Our Favorite Iconic Chair Designs
No matter how boring or basic your space is, there’s always room to add an iconic chair. Yes, they can be on the pricey side, but an iconic modern lounge chair or dining chair is an investment and oftentimes looks like modern sculptures in your house that you can be proud of. They’ll stand the test of time so you can pass them down to your children and let you keep the modern classics in the family.
It doesn’t get much more classic than an Eames® Molded Plastic Side Chair. Whether you sit them in a corner or use them at your dining table, the chairs work everywhere. They were designed by Charles and Ray Eames for Herman Miller and besides getting to pick out the seat color, you can can choose from a variety of metal and wooden base options to really customize it.
Vitra’s Verner Panton-designed Classic Panton Chair has been around since its 1959/60 prototype before going into production in 1967. Well known for its sultry curves, the chairs is made in one solid piece of rigid expanded plastic, making it sturdy for years of use.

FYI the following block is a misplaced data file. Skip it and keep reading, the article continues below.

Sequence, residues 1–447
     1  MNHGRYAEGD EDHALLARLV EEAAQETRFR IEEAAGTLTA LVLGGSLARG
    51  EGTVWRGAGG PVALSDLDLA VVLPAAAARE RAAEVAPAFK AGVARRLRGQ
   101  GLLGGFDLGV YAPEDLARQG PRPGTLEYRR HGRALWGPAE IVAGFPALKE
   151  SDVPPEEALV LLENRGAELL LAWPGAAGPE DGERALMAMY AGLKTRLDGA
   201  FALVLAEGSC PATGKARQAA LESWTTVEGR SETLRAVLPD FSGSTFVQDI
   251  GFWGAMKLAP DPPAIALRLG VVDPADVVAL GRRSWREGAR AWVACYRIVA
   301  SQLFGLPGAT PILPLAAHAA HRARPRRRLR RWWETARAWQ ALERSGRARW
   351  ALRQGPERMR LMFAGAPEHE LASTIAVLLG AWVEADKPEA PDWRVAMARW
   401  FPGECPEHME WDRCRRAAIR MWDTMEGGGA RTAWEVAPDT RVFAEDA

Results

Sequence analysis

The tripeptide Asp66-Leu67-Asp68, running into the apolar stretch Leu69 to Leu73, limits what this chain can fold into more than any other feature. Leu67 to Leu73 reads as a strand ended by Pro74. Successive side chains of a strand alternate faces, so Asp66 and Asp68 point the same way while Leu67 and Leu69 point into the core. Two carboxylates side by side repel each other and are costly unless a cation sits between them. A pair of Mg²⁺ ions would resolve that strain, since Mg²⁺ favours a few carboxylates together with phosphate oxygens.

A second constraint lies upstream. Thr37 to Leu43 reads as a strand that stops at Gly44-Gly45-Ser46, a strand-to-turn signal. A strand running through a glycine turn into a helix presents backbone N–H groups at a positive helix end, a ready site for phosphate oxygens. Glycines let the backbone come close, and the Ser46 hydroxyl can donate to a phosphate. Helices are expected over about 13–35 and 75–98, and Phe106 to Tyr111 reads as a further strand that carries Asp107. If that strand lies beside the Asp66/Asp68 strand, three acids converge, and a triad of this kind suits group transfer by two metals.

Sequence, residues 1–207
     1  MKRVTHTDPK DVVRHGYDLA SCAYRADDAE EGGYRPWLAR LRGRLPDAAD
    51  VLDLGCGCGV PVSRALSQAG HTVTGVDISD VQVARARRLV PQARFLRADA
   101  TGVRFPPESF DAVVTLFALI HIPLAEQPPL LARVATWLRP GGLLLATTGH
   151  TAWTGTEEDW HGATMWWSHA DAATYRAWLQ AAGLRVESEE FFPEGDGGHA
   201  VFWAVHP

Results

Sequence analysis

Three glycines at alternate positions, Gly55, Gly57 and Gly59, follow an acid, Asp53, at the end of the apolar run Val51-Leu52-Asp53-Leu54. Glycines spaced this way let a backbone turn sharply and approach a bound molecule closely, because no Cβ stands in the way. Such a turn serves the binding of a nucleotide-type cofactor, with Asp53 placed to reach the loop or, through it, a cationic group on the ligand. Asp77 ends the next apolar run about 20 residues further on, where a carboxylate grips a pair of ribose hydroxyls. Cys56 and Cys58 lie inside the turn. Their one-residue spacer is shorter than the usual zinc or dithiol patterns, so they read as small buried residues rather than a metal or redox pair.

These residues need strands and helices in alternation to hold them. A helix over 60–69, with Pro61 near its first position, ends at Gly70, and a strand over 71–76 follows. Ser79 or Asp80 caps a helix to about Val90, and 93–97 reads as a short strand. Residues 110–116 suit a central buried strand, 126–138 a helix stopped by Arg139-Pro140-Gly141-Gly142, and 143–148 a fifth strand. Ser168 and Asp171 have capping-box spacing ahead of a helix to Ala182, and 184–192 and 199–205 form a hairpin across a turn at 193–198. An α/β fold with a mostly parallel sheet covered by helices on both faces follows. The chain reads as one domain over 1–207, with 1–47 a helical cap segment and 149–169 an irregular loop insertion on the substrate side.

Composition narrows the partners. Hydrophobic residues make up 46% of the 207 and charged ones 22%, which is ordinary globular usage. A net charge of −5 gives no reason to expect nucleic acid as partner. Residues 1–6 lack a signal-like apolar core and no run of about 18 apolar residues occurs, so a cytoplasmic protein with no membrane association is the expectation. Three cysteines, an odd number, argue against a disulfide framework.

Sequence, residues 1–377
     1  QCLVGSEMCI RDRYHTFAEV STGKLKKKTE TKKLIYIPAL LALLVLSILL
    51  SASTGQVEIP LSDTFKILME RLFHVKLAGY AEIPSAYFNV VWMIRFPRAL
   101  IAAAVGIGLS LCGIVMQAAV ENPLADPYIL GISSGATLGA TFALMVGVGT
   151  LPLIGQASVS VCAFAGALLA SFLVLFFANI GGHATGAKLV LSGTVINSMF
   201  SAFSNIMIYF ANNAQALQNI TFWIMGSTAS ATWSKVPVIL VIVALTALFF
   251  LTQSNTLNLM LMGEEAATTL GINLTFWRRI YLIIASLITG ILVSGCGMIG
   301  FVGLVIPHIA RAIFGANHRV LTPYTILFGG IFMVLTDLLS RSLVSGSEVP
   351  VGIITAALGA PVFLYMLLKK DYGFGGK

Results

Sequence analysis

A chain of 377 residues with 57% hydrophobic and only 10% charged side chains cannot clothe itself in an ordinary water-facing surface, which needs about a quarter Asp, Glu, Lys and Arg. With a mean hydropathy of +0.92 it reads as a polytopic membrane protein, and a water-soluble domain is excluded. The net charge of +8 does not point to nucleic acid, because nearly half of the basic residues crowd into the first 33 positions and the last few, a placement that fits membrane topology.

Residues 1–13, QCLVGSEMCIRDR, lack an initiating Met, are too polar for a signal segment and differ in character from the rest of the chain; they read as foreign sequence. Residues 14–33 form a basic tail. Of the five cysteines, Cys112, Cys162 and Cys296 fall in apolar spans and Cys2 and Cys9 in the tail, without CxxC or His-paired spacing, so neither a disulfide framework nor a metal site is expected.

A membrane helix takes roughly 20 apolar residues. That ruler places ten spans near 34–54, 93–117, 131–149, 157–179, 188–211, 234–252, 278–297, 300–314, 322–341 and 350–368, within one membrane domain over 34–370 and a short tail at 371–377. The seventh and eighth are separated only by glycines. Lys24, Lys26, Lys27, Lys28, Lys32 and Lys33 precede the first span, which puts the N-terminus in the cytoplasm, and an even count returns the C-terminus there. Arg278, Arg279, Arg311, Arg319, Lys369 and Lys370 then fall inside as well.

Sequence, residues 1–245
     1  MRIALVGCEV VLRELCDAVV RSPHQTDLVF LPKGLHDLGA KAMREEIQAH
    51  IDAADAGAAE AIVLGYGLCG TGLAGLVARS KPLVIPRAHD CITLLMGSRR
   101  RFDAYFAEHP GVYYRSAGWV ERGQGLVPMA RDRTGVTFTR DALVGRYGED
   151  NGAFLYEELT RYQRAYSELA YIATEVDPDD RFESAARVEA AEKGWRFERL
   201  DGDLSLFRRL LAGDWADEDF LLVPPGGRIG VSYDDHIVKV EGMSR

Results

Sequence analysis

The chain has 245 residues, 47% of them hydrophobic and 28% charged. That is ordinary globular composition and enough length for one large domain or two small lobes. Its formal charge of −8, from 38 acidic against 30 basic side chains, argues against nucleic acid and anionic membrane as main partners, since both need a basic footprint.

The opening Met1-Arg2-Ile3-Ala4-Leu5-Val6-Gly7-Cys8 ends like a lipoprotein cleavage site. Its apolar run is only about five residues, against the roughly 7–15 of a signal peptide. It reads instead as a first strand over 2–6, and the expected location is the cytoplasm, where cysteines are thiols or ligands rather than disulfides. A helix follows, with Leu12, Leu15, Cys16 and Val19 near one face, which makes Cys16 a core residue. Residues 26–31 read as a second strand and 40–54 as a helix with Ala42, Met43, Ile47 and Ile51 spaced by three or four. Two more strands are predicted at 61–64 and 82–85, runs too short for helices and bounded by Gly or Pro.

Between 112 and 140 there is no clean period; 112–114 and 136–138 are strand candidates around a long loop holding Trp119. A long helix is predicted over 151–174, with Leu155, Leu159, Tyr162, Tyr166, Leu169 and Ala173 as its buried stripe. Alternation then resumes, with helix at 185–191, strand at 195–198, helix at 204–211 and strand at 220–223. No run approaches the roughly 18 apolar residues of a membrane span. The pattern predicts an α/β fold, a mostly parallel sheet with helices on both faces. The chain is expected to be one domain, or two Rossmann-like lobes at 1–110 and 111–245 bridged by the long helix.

Designed by Ludwig Mies van der Rohe for Knoll, the Barcelona Chair is just as comfortable as it is stylish. Created in 1929, the chair’s architectural design sits on a chrome base with a seat upholstered in individual leather square that are welted together.
This cozy, mid-century inspired lounge chair was designed by Hans Wegner in 1951 and feels like a giant hug when you sit down. The Papa Bear Chair, made by Modernica, has a tall, tufted seat back and armrests that could easily be Papa Bear’s wood tipped arms reaching around you.
Originally designed in 2009, the Masters Chair pays homage to three design icons by referencing silhouettes of Arne Jacobsen‘s Series 7, Eero Saarinen’s Tulip Armchair and Charles Eames’ Eiffel Chair.
And last, but not least, the design world would not be the same without the Eames® Lounge Chair with Ottoman from Herman Miller. The Charles and Ray Eames 1956 classic is one of the most highly recognizable pieces of furniture from the 20th century and it’s here to stay.